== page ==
This post is part of a series delving into the details of the JSR-352 (Java Batch) specification. Each post examines a very specific part of the specification and looks at how it works and how you might use it in a real batch application.To start at the beginning, follow the link to the first post.
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When a batch job runs in a Liberty server there is an identity associated with the thread running the application. That identity is the same identity as the user who submitted the job. If the REST interface was used to submit the job, that means the identity that authenticated over the HTTPS connection will be the identity used to execute the job.
That identity is probably some functional id used by an enterprise scheduler to submit every job. That identity probably does not have access to all the resources needed by the job. How can we get around this?
Well, it depends on the type of resource the job is trying to access. Database access done through a datasource definition in the server configuration can often include access credentials in the configuration to be used instead of the identity running the application. This works just the same for batch applications as it does for any other application in Liberty.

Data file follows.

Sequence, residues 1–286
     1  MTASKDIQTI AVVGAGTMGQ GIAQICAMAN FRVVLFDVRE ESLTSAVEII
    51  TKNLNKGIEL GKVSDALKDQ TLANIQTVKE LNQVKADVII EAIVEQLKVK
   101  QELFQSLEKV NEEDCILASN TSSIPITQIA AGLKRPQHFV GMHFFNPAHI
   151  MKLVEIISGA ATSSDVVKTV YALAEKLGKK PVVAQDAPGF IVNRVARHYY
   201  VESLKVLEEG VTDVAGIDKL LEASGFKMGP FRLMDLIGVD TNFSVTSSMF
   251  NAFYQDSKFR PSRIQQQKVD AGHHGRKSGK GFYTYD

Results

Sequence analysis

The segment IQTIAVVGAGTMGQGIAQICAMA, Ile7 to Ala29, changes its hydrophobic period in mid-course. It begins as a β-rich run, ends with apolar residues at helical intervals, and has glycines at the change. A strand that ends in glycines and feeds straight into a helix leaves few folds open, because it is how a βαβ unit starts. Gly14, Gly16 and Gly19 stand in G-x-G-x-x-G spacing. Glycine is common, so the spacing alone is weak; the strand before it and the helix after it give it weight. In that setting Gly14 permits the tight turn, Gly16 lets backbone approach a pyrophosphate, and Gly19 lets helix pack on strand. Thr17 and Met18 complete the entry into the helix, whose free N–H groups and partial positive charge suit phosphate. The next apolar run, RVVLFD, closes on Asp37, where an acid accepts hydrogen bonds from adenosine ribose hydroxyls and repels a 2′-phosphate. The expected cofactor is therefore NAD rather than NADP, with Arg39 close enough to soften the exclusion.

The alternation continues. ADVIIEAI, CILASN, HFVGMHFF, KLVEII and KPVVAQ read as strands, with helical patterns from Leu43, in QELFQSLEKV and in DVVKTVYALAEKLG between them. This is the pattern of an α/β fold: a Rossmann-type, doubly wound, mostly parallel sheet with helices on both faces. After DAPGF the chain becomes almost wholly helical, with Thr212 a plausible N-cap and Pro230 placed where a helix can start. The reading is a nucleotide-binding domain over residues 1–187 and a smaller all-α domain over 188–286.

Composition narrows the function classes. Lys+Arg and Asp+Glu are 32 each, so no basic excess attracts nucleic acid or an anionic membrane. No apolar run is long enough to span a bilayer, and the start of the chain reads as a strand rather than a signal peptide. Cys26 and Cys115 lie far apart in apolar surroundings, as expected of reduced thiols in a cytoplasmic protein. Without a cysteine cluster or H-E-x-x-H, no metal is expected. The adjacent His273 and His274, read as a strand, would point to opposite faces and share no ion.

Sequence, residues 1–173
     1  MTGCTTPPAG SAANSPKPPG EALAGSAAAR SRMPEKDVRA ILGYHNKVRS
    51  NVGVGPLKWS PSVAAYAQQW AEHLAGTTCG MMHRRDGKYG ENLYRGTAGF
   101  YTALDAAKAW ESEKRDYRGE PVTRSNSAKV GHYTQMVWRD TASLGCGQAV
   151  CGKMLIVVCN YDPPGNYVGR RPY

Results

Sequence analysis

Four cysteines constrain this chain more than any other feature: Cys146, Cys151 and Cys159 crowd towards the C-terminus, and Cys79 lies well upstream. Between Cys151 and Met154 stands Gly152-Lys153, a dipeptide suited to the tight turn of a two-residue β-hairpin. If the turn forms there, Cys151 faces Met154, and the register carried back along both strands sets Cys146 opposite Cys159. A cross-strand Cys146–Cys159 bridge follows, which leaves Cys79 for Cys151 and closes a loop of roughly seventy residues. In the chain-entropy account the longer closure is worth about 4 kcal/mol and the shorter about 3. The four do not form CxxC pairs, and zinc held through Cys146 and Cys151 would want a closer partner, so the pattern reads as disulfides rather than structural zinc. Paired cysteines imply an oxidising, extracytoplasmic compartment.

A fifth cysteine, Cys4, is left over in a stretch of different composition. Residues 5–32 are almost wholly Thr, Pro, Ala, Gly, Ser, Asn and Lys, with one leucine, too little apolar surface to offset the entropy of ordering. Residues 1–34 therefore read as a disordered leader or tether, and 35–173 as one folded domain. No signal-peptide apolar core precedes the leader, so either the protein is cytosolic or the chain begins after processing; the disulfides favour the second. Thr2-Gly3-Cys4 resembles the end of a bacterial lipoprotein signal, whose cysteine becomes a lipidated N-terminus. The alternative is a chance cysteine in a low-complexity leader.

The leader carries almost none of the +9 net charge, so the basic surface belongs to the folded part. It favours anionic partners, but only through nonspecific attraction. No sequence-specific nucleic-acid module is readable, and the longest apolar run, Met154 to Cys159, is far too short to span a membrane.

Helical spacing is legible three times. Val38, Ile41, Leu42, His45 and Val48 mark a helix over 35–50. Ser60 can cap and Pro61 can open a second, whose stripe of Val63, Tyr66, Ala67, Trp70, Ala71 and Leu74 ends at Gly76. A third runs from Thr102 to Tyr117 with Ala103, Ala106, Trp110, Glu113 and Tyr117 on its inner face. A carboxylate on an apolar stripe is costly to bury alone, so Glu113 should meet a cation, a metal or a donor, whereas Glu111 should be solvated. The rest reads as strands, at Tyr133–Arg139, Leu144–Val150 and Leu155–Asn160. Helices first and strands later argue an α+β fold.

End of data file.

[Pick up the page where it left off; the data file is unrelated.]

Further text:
In some cases, the application identity is used, but the submitter’s identity is the wrong one. In these cases, it might be possible to define a RunAs identity for the application. This is a Java EE security concept that allows, as part of the application packaging and server configuration, the specification of an identity to be used to run the application that isn’t the identity that submitted the job. You can do this sort of thing with non-batch applications deployed in Liberty. The same thing works for batch applications.
Other resources might use the server identity, ignoring the identity running the application. In some cases, these are operating system controlled resources (i.e. a z/OS dataset). The identity of the server itself will be used to grant or deny access.
If that’s the wrong identity, it might be possible to configure the server and application to perform what is called ‘sync to OS thread’. This causes the server to take the identity running the application and ‘push’ it down onto the native operating system thread that is underneath the Java thread. In some cases, the OS or other system resources will honor this native-thread identity in preference to the identity of the server itself.
There’s clearly a lot more to this. Hopefully I’ve given you some hints to follow in solving whatever your particular problem might be.